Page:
3. Choose a Registered Agent. A registered agent is the person or company that sends and receives legal documents on behalf of your LLC. The registered agent can be a member of the LLC, or you can choose a third party such as an attorney, or a company that offers registered agent services. Most states require you to have a registered agent. The agent must be a resident of the state where you do business, or a corporation authorized to do business in your state.
  4. Determine Your Management Structure. There are two types of management structures:
  • A Member-Managed LLC is managed by the members of the LLC. This is usually chosen by smaller LLCs with few members who will be involved in various management roles. 
  • A Manager-Managed LLC is managed by people who are not members of the LLC and are employees of the business. This structure is often used when an LLC is larger and has multiple members.
  1. File Articles of Organization. The articles of organization is the form you file to create your LLC. These forms vary by state but can generally be filed online. You’ll need to fill out the LLC name, the name and address of the registered agent, the names of the LLC owners, and in some states, the way the LLC will be managed. Fees are generally around $100.
  2. Draft an Operating Agreement. Again, an operating agreement is not usually required but is highly recommended. It will also spell out the ownership percentages along with the membership certificates. It’s a good idea to have an attorney’s help when creating your operating agreement so that you can be sure you’re covering all bases to protect all members and avoid future issues.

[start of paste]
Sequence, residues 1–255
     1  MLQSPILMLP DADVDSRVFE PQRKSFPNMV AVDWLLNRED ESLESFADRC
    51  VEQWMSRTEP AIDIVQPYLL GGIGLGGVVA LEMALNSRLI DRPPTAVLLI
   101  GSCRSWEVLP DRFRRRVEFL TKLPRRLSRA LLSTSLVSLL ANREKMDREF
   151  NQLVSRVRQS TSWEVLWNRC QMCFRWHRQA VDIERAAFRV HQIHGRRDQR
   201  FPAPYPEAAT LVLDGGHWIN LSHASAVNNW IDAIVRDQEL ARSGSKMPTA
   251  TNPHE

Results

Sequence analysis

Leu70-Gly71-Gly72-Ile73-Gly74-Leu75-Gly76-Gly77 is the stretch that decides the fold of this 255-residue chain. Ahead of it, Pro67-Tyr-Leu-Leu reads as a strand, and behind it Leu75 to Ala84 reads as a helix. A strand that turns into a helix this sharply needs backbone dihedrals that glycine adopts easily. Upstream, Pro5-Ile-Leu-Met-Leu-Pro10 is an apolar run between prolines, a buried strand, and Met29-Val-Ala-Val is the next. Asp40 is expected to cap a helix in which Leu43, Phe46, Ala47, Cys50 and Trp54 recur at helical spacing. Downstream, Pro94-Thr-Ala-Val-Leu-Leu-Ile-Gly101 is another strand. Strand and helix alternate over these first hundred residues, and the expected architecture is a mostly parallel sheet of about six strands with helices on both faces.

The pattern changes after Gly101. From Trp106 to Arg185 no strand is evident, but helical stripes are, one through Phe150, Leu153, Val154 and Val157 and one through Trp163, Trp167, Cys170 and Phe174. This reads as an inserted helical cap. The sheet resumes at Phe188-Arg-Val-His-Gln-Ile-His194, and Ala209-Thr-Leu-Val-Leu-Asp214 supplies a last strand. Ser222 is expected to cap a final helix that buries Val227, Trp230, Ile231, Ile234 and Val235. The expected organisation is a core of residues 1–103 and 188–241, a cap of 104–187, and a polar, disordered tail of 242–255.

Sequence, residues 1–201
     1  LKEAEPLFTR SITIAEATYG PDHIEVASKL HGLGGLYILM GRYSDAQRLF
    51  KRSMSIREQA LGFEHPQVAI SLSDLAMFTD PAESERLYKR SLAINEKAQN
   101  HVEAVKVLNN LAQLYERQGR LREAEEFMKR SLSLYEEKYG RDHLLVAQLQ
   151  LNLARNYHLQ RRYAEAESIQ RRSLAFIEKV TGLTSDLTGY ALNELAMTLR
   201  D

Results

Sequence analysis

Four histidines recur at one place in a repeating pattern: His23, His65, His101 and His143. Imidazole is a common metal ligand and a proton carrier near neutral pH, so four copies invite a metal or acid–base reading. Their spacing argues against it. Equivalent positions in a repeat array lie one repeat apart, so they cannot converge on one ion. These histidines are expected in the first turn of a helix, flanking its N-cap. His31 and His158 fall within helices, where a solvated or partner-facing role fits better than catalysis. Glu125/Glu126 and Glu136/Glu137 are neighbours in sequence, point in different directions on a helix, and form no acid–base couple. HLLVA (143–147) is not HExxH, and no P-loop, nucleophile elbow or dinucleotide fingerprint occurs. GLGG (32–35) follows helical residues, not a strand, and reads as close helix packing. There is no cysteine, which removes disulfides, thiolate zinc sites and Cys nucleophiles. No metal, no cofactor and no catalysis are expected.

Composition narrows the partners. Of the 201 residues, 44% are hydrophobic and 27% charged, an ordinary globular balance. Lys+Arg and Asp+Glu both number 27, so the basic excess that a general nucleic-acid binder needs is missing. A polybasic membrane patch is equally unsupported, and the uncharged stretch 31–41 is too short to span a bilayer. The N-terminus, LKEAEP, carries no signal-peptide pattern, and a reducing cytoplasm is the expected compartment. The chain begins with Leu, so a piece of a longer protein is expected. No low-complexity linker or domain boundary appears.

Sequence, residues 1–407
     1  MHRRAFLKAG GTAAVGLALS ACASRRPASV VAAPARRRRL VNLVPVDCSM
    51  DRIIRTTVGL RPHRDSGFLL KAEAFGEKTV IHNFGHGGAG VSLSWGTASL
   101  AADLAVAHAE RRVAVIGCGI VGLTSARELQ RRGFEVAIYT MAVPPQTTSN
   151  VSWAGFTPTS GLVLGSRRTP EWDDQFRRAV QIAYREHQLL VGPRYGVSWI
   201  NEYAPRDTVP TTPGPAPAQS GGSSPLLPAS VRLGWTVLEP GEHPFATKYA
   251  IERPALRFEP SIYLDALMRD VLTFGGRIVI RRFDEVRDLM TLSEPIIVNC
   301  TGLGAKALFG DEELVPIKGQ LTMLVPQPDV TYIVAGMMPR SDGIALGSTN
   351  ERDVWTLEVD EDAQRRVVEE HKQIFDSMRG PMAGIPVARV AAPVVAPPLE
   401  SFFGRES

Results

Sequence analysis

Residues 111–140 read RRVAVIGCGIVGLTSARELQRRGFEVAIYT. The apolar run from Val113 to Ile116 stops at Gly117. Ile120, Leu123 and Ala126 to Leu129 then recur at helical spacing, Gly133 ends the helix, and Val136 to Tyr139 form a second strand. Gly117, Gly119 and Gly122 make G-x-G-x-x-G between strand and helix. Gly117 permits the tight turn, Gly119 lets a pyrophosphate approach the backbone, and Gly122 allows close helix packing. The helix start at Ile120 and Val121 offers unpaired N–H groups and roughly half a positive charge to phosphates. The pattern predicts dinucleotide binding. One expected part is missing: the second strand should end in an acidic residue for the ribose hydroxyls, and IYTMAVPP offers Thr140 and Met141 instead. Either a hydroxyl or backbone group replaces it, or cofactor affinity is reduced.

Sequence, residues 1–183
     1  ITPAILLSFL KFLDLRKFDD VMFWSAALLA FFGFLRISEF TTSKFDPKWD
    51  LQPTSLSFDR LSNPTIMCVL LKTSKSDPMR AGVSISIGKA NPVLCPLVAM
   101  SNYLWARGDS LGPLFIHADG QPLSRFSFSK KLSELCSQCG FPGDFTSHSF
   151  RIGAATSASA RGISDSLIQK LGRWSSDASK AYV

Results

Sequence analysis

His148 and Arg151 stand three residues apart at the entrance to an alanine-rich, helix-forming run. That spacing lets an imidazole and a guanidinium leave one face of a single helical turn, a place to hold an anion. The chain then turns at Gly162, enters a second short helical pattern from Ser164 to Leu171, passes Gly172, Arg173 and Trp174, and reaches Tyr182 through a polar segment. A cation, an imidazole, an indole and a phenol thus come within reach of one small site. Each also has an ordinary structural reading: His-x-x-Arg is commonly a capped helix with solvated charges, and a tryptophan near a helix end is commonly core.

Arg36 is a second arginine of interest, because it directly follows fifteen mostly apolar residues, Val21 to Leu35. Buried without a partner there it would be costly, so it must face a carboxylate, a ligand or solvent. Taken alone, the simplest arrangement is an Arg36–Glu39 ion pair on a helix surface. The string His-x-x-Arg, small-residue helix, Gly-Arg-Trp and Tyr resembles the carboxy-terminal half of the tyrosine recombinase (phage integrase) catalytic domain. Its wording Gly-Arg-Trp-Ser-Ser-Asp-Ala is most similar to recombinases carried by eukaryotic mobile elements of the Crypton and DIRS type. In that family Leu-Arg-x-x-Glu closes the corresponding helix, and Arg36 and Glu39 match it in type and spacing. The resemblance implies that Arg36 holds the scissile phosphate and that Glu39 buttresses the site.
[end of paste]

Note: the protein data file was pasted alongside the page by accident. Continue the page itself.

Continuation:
3. Apply for Business Licenses. It’s important to make sure you’re in compliance with all laws at the local, state, and federal levels. It’s likely, depending on your location and type of business, that you’ll need business licenses and permits. Do some research to determine which licenses you need. At the very least you’ll need a sales tax permit to sell products and collect sales tax. 
  4. Obtain an EIN. EIN stands for Employer Identification Number and is like a social security number for your business, allowing the IRS to identify your business easily. It is also known as a Federal Tax Identification Number (FTIN), or sometimes for corporations a Tax Identification Number (TIN). An EIN is required if your LLC has more than one member, if you plan to hire employees, or if you choose to have your LLC taxed as a corporation. The application is free and can be found on the IRS website. The application is form SS-4, and it can be mailed to the IRS or submitted electronically, and once your information on the application has been validated, the EIN is assigned immediately.
  5. File Annual Reports. Your state may require you to file annual reports for your LLC, which may involve a fee. Check your state for requirements.

Once these steps are completed you can issue member certificates if you choose.

In Closing

Membership certificates simply document each member’s ownership share in the LLC. They are not required but are useful if you plan to issue ownership to investors. An operating agreement, however, is important to have because it will contain much more information and be the go-to legal resource if there is ever a business dispute or issue. It’s always advisable to have an attorney’s help when preparing these documents and forming your LLC.